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Susan LaFlesche Picotte Center
Currently known as the Susan LaFlesche Picotte Center, this building once housed the Dr. Susan Picotte Memorial Hospital. This small hospital, situated on the Omaha Indian Reservation in northeastern Nebraska, was the dream of Susan LaFlesche Picotte, who was a pioneer in providing health care for Native Americans.
Born on the Omaha reservation, Picotte was the daughter of Joseph LaFlesche, chief of the Omaha tribe. He encouraged members of his tribe to seek education and build relationships with reform groups. Picotte followed her father’s advice and, after attending school on the reservation, she completed undergraduate work at the Hampton Institute in Virginia. She then entered the Women’s Medical College of Pennsylvania in Philadelphia, becoming the first Native American woman to attend medical school in the United States. She graduated in 1889 at the top of her class as the country’s first Native American female physician. Picotte returned to northeastern Nebraska to provide health care to both Indian and white patients. In addition to her medical practice, Picotte served her tribe in many ways, as teacher, social worker, interpreter for church services, missionary, temperance activist, and advocate for Omaha Indian rights. In 1912, with a goal of building an institution to serve the medical needs of her people, she founded a hospital on the Omaha reservation in Walthill. This was the first hospital on any reservation funded privately rather than with government money.
The hospital’s architect was William L. Steele of Sioux City, Iowa, a Prairie School designer who had worked in the office of Louis Sullivan. His Craftsman-style building emphasized simplicity and rejected historical influences. The most prominent feature of the rectangular, one-and-a-half-story, frame building is a front porch that extends the entire length of the east facade. Nine round-arched bays, each screened in, front the porch. A transverse dormer penetrates the low-pitched gable roof. Roof details include wide overhangs and exposed roof rafters and brackets. The first floor of the building included general and private wards, operating and maternity rooms, a kitchen, and offices. The second semi-story accommodated staff quarters with supporting functions housed in the basement.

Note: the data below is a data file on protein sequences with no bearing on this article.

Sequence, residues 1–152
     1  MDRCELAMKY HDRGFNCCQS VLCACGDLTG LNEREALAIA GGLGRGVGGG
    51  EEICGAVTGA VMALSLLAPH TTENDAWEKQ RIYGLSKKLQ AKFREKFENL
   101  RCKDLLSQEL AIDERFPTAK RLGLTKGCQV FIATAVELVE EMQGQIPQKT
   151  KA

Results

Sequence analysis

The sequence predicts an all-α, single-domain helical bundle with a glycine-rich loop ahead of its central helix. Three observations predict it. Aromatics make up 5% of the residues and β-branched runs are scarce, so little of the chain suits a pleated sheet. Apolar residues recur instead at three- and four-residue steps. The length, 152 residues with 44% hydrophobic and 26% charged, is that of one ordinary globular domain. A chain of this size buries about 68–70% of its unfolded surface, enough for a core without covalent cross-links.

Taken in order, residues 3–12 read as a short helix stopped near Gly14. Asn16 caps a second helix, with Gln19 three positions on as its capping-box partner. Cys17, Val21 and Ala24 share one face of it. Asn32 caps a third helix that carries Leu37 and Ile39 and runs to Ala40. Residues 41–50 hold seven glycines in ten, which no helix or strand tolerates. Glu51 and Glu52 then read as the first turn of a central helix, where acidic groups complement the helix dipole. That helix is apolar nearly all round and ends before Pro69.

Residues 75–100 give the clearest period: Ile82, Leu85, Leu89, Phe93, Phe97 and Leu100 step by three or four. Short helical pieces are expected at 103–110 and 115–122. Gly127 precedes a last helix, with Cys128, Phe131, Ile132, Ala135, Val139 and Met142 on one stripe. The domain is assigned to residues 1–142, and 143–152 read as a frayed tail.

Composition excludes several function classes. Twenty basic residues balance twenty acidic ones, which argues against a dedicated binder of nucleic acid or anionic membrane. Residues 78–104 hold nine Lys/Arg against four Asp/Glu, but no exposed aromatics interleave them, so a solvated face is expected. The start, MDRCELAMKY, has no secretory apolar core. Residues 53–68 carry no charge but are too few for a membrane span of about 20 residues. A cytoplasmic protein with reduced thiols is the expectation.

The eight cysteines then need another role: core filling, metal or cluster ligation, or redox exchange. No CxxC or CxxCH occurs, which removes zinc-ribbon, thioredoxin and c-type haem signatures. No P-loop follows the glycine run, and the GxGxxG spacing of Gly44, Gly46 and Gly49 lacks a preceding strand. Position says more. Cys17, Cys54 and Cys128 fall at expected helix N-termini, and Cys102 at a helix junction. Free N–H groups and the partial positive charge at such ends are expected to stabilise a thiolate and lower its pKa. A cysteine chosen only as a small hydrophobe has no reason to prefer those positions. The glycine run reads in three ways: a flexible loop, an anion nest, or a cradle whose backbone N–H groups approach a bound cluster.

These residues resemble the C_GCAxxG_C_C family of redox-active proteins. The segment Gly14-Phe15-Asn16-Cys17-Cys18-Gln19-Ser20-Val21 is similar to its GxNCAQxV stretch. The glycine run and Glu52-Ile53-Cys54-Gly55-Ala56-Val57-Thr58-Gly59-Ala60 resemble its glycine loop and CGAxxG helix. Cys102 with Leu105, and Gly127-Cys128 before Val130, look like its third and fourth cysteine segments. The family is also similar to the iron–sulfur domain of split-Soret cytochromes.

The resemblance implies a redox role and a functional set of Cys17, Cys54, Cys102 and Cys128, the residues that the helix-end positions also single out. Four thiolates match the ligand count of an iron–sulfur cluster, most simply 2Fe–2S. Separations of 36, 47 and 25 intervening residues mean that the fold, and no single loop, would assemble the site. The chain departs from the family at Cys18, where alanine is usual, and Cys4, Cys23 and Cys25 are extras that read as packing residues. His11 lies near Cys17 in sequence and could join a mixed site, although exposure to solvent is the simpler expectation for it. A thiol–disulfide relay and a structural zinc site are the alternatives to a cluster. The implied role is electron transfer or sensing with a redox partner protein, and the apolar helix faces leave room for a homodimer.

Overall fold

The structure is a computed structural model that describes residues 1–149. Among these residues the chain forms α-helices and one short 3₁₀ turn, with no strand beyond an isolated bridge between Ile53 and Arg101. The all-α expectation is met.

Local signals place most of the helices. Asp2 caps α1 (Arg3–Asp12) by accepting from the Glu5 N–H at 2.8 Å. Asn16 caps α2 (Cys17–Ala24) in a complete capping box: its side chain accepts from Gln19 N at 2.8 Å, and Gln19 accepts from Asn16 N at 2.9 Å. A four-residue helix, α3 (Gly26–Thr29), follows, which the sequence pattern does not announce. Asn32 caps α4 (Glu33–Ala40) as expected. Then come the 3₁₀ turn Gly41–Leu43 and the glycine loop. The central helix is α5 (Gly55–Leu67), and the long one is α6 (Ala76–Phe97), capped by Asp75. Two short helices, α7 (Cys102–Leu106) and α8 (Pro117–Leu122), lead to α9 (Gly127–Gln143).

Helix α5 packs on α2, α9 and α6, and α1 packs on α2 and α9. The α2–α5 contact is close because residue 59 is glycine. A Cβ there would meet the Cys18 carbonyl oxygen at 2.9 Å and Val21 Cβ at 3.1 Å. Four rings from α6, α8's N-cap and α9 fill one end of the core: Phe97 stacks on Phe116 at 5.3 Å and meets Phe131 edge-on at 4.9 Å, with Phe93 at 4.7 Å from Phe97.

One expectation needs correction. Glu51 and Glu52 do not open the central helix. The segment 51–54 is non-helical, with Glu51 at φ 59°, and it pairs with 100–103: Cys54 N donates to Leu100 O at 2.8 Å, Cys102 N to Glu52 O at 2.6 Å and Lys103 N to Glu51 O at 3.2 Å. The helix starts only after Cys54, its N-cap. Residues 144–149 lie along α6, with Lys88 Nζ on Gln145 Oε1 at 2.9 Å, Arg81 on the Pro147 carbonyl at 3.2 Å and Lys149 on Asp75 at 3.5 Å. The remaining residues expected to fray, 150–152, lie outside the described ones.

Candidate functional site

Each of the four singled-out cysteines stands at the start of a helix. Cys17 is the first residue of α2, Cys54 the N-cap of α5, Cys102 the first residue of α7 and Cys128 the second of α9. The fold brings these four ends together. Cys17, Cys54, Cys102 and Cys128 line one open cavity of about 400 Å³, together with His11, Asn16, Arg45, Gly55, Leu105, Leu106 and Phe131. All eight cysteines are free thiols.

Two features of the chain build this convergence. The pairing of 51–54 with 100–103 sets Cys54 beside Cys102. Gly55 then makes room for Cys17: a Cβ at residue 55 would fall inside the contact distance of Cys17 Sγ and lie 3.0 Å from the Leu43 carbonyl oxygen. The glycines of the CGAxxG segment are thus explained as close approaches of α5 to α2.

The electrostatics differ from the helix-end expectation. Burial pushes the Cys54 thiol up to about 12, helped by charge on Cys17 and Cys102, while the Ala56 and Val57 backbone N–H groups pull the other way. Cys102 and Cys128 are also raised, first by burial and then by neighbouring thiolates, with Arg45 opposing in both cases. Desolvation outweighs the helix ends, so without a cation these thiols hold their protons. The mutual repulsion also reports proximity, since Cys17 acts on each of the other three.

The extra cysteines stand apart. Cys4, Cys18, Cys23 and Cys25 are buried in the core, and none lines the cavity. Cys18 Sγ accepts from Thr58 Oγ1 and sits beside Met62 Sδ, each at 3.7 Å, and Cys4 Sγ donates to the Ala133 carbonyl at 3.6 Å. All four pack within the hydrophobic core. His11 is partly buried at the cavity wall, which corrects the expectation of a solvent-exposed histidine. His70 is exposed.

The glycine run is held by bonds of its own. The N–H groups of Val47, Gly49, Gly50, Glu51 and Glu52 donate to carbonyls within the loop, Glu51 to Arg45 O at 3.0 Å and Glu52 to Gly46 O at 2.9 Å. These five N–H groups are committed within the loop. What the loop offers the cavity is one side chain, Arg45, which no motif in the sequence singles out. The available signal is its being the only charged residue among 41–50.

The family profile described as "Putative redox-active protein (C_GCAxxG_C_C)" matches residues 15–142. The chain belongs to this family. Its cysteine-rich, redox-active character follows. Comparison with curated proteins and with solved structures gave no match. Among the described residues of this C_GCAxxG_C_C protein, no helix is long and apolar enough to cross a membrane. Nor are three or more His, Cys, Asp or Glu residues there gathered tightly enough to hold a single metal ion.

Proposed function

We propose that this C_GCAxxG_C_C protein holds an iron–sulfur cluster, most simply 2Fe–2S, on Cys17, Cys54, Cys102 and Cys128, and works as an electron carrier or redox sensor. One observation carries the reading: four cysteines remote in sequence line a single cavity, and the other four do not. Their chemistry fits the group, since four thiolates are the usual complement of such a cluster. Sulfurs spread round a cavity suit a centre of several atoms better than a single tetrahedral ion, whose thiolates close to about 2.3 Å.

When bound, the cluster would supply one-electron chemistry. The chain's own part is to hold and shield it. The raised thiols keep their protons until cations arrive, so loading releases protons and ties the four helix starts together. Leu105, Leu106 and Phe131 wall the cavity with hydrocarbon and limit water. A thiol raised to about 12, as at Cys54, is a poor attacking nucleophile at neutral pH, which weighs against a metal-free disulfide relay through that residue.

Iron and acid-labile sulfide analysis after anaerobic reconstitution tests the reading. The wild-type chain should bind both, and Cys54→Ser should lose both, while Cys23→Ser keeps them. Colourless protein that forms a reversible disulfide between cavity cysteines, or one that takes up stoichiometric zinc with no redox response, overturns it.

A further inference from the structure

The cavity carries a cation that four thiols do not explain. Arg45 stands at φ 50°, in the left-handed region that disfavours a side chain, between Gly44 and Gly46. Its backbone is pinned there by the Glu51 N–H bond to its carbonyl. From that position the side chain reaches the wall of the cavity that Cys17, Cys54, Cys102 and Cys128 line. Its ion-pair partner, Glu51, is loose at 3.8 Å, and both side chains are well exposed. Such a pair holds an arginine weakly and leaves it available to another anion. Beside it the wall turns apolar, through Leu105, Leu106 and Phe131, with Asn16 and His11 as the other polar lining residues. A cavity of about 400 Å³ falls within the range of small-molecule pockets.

Following Picotte’s premature death in 1915, the hospital was named in her honor. The hospital continued to operate until the 1940s and upon closing it served a variety of functions. Since 1993 it has been owned and maintained as a museum by the Susan LaFlesche Picotte Center.
Edwards, Rae, Greg Miller, and Joni Gilkerson, “Dr. Susan Picotte Memorial Hospital,” Thurston County, Nebraska. National Register of Historic Places Registration Form, 1988. National Park Service, U.S. Department of the Interior, Washington, D.C.
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